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One was Loved, One was Hated

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The Torah uses a harsh word to describe Jacob’s feelings for his first wife, Leah: that she was hated. Alarmed by this language, some commentaries suggest that “hated” does not mean Leah was actually hated, just loved less that her sister, Rachel. In whatever way we choose to understand it, this was not a healthy family situation, and no doubt it impacted upon the day-to-day life of our matriarchs in a variety of ways.
In this week’s Torah portion, we read about one such tense moment in the Jacob-Leah-Rachel triangle:

Once, at the time of the wheat harvest, Reuben came upon some mandrakes in the field and brought them to his mother Leah. Rachel said to Leah, “Please give me some of your son’s mandrakes.”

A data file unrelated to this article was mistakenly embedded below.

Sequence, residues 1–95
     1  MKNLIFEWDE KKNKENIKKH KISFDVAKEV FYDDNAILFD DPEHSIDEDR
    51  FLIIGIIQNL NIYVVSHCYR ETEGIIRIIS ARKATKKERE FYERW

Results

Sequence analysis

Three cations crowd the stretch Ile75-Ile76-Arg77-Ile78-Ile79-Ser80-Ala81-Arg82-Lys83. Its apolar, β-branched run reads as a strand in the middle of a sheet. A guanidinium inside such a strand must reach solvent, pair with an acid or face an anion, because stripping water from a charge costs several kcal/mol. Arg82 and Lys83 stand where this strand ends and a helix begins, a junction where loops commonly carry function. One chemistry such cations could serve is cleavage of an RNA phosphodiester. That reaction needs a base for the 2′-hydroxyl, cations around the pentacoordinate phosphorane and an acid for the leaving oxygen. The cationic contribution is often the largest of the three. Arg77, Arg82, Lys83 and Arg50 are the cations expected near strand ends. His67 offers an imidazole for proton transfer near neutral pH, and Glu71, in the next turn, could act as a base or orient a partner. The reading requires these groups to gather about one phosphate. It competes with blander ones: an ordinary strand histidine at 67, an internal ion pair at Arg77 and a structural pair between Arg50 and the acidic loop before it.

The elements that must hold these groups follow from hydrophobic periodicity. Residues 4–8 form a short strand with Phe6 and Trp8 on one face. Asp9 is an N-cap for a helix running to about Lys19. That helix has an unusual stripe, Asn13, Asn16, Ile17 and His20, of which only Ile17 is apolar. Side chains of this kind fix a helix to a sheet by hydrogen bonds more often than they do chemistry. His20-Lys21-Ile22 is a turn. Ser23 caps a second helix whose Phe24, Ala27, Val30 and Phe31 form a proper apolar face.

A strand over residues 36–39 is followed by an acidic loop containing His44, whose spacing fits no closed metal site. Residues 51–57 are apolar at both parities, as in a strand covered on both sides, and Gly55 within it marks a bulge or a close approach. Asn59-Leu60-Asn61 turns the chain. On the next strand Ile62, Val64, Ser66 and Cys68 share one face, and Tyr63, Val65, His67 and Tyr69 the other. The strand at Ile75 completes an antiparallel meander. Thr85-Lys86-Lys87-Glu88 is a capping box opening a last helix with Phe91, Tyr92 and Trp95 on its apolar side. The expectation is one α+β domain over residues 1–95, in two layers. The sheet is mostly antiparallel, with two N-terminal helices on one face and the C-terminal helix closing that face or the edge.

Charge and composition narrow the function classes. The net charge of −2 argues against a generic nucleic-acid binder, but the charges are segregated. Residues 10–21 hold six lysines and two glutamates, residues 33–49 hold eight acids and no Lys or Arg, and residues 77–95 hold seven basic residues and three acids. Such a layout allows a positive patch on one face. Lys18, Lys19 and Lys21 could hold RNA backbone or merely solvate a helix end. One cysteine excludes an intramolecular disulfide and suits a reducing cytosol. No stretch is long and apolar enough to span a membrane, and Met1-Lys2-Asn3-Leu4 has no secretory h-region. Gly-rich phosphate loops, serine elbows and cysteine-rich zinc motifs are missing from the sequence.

But she said to her, “Was it not enough for you to take away my husband, that you would also take my son’s mandrakes?” Rachel replied, “I promise, he shall lie with you tonight, in return for your son’s mandrakes.”
When Jacob came home from the field in the evening, Leah went out to meet him and said, “You are to sleep with me, for I have hired you with my son’s mandrakes.” And he lay with her that night. (Gen. 30:14-16)

Commentators analyzing this back and forth barter seem to take one side or the other.

For Rashi, this story illustrates Rachel’s desperate state. Feeling empty, having not yet born a child to her husband Jacob, she begs for some of the mandrakes, the fertility fruits gathered in from the field by Reuven. Desperate to have a child, focused only on the hope to conceive, she brashly sells her husband to her sister for the promise that the........

© The Times of Israel (Blogs)

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